In the journey to the perfect, which is innate in every soul, Hazrat Inayat Khan explains to us that we must leave behind the world of limitations. The previous post in the series is here.
Every kind of striving in man’s life, whether for a material or for a spiritual object, is the result of his natural inclination to reach from limitation towards perfection. Whatever it may be, wealth or rank or name or comfort or pleasure, it is this limitation which keeps man discontented. Also, in all his learning, studying, practicing, acquiring, attaining, we see this same striving to go from limitation to perfection. The saying of the scriptures that God alone is rich and all others are poor, can be seen in everyday life. The greater the riches one has the more one wants. And it is interesting to find when observing the life of a poor person that he is more content with what he has than a rich person with all his wealth. Sometimes one also sees that a poor person is more generous in his giving than a rich person in parting with his possessions.
When we look at another aspect of life, we see that a person who is learned in a small degree believes that he has learned and read a great deal and he wishes to show it; whereas someone who has learned more begins to discover that it is really very little and that there is still very much to be learned.
There is still another picture to be seen: that of the foolish and the wise. The foolish man is ready to teach you without a moment’s thought, ready to correct you, ready to judge you, ready to form an opinion about you. But the wiser a man is the more diffident he is to form an opinion about you, to judge you, to correct you. What does this mean? It means that whatever man possesses in a small degree he thinks he has much of, but when he possesses more he begins to feel the need and the desire for perfection, for completion.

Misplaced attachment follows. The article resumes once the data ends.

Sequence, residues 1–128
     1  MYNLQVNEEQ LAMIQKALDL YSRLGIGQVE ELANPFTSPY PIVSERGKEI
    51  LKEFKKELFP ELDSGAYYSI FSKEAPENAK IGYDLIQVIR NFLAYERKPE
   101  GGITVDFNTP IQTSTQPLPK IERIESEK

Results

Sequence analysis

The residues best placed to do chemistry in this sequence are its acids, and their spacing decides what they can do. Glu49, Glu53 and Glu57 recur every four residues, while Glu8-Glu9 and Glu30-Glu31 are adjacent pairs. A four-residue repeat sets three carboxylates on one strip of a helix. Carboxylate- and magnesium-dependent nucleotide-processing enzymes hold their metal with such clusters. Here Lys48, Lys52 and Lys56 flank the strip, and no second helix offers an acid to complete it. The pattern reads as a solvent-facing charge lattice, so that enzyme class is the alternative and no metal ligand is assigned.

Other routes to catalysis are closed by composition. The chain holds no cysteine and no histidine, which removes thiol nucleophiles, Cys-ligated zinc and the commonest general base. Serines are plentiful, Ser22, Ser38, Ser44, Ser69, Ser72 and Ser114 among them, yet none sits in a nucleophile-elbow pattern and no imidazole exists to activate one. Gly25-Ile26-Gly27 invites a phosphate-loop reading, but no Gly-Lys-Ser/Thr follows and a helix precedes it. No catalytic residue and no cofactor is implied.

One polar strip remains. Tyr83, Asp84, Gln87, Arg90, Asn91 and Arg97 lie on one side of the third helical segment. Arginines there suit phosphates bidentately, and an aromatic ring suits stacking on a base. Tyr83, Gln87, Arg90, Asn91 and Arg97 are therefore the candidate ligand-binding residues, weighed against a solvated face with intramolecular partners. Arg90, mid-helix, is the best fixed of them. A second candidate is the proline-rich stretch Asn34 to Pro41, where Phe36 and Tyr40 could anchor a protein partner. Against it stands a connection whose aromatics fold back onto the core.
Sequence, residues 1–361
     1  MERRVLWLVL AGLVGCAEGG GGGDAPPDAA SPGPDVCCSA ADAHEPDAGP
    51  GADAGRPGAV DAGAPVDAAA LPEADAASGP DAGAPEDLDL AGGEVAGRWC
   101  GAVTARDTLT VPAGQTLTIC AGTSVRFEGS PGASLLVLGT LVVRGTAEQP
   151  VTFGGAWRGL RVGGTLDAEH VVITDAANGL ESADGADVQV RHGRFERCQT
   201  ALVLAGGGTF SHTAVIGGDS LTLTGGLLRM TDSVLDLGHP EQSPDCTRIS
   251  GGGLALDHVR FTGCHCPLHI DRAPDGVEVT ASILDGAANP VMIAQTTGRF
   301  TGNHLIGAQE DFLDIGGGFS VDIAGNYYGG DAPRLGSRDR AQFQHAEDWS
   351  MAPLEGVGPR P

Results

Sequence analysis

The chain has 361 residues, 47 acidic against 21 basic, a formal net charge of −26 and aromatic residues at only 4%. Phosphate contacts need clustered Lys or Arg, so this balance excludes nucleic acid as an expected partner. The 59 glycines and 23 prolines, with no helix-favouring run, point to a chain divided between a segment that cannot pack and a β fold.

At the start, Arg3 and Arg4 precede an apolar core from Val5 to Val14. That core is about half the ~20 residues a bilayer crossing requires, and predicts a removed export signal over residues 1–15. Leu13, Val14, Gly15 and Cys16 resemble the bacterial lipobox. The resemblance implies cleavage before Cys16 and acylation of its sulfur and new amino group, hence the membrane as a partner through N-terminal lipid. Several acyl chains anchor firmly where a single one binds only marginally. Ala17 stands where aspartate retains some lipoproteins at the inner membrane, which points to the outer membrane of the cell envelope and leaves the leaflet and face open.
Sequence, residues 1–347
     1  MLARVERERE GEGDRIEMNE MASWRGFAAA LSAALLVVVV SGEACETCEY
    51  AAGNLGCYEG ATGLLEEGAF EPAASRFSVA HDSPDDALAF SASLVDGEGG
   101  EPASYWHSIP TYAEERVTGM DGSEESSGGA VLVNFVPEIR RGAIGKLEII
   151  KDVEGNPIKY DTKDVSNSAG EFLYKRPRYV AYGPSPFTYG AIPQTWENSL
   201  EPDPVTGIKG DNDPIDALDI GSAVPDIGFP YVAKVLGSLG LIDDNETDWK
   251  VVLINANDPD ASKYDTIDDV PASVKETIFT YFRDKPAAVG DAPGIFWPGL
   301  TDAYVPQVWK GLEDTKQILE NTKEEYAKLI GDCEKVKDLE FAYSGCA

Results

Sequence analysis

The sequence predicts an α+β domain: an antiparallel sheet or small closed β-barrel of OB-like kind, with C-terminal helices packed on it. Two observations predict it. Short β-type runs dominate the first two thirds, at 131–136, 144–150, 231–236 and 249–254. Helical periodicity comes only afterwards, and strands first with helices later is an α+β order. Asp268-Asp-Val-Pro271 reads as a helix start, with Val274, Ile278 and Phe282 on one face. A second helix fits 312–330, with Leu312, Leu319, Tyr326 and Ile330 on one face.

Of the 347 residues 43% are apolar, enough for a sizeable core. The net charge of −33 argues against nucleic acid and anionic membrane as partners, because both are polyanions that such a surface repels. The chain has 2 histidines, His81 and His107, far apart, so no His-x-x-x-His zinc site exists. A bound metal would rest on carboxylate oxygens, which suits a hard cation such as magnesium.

There is an ancient story that a king wanted to grant a dervish his desire. And the desire of the dervish was to fill his cup with gold coins. The king thought that it would be the easiest thing in the world to fill the cup of the dervish. But when they tried to fill it it proved to be a magic cup: it would not fill. The more money was poured into it, the emptier it became. And the king was very disappointed and disheartened at the thought that this cup could not be filled. The dervish said, ‘Your Majesty, if you cannot fill my cup you only have to say so, and I shall take my cup back. I am a dervish, and I will go, and I will only think that you have not kept your word.’ The sovereign, with every good intention, with all his generosity, and with all his treasures could not fill that cup. And he asked, ‘Dervish, tell me what secret you have in this cup. It does not seem to be natural. There is some magic about it. Tell me what is its secret.’ The dervish answered, ‘Yes, your Majesty, what you have found out is true. It is a magic cup. But it is the cup of every heart. It is the heart of man which is never content. Fill it with whatever you may, with wealth, with attention, with love, with knowledge, with all there is – it will never fill, for it is not meant to be filled. Not knowing this secret of life man goes on in pursuit of every object, or any object he has before him, continually. And the more he gets the more he wants, and the cup of his desire is never filled.’
The meaning of this can be understood by the study of the soul. Man’s appetite is satisfied by food. But behind it is an appetite which is the appetite of the soul, and that appetite is never satisfied. That appetite is at the back of all the different forms of hunger and of thirst. And since man cannot trace that innermost appetite, he strives all through his life to satisfy these outer appetites, which are satisfied and yet remain unsatisfied. If someone is making a study of objective things, things of the objective world, he may gain a great deal of knowledge about them, and yet there is never an end to it. The one who searches the secret of sound, the one who searches the mystery of light, the one who searches the mystery of science, they all search and search and search, and there is never an end to it, nor is there ever satisfaction. And a thoughtful person wonders if that satisfaction is to be found anywhere, the satisfaction which, so to speak, fulfills the promise of the soul.
Indeed, there does exist a possibility for that satisfaction. And that possibility is to attain to the perfection which is not dependent upon outside things, a perfection which belongs to one’s own being. This satisfaction is not attained. It is discovered. It is in the discovery of this satisfaction that the purpose of life can be fulfilled.
To be continued…